Deleuze continues by suggesting that we almost have to distinguish three dimensions, which is his future work that he and Guattari develop in What is Philosophy?:
1) in the first, there are concepts that are invented in philosophy;
2) in the second, there are percepts in the domain of art. An artist creates percepts, a word required to distinguish these from perceptions. What does a novelist want? He wants to be able to construct aggregates of perceptions and sensations that survive those who read the novel. Deleuze gives examples in Tolstoy or Chekhov, each in his own way, who are able to write like a painter manages to paint. So, to try to give to this complex web of sensations a radical independence in relation to he/she who experiences them: Tolstoy described atmospheres; Faulkner, and another great American novelist, Thomas Wolfe who nearly stated this in his short stories: someone goes out in the morning, smells toast, sees a bird flying, and feels a complex web of sensations.
So, what happens when someone who experiences the sensations goes on to do something else? This, says Deleuze, is a bit like in art, where we find an answer. It’s to give a duration or an eternity to this complex web of sensations that are no longer grasped as being experienced by someone, or at the outside, might be grasped as experienced by a fictional character. What does a painter do? He gives consistency to percepts, he tears percepts out of perception.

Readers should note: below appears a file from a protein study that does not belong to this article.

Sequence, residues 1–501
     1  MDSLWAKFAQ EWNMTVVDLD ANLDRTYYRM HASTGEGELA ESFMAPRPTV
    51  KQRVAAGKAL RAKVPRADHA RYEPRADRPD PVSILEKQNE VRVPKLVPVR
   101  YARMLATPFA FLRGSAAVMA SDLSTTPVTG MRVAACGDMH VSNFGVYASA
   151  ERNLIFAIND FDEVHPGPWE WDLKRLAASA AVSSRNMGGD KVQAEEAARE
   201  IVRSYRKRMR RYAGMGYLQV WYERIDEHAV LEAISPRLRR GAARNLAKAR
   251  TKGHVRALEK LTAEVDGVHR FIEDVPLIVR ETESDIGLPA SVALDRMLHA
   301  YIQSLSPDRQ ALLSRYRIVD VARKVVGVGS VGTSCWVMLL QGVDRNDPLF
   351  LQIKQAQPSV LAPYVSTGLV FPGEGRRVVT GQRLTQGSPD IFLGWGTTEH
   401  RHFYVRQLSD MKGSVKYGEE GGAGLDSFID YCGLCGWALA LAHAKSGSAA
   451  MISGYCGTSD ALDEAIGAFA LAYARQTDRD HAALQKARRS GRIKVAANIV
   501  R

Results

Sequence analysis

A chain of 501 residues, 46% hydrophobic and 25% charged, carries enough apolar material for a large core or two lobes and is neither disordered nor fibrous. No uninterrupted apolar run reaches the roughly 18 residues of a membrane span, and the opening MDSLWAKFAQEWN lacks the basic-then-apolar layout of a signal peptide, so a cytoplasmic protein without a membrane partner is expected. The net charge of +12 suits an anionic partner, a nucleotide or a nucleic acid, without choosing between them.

Deleuze points to the Impressionists who utterly twisted perception. A concept, Deleuze says, creates a crack in the skull -fend le crane-, it’s a habit of thought that is completely new, and people aren’t used to thinking like that, not used to having their skulls cracked, since a concept twists our nerves. Deleuze cites Cézanne from memory, who said something like, we have to make impressionism last/durable, that is, new methods are required in order to make it have duration, so that the percept acquires an ever greater autonomy.
3) A third order of things, a kind of connection among them all, are affects. Deleuze says that, of course, there are no percepts without affects, but that these are specific as well: these are becomings that exceed him or her who goes through them, exceed the strength of those who go through them. Doesn’t music lead us into these forces -puissances- that exceed our grasp? It’s possible, Deleuze answers. If one takes a philosophical concept, it causes one to see things -faire voir des choses- since the greatest philosophers have this “seeing” trait or aspect -côté ‘voyant’-, at least in the philosophers that Deleuze admires: Spinoza causes one to “see”, one of the most visionary -voyant- philosophers, Nietzsche as well. They all hurl forth fantastic affects, there is a music in these philosophers, and inversely, music makes one see some very strange things, colors and percepts. Deleuze says he imagines a kind of circulation of these dimensions into each other, between philosophical concepts, pictorial percepts, and musical affects. There’s nothing surprising in there being these resonances, he maintains, just the work of very different people, but that never stop interpenetrating.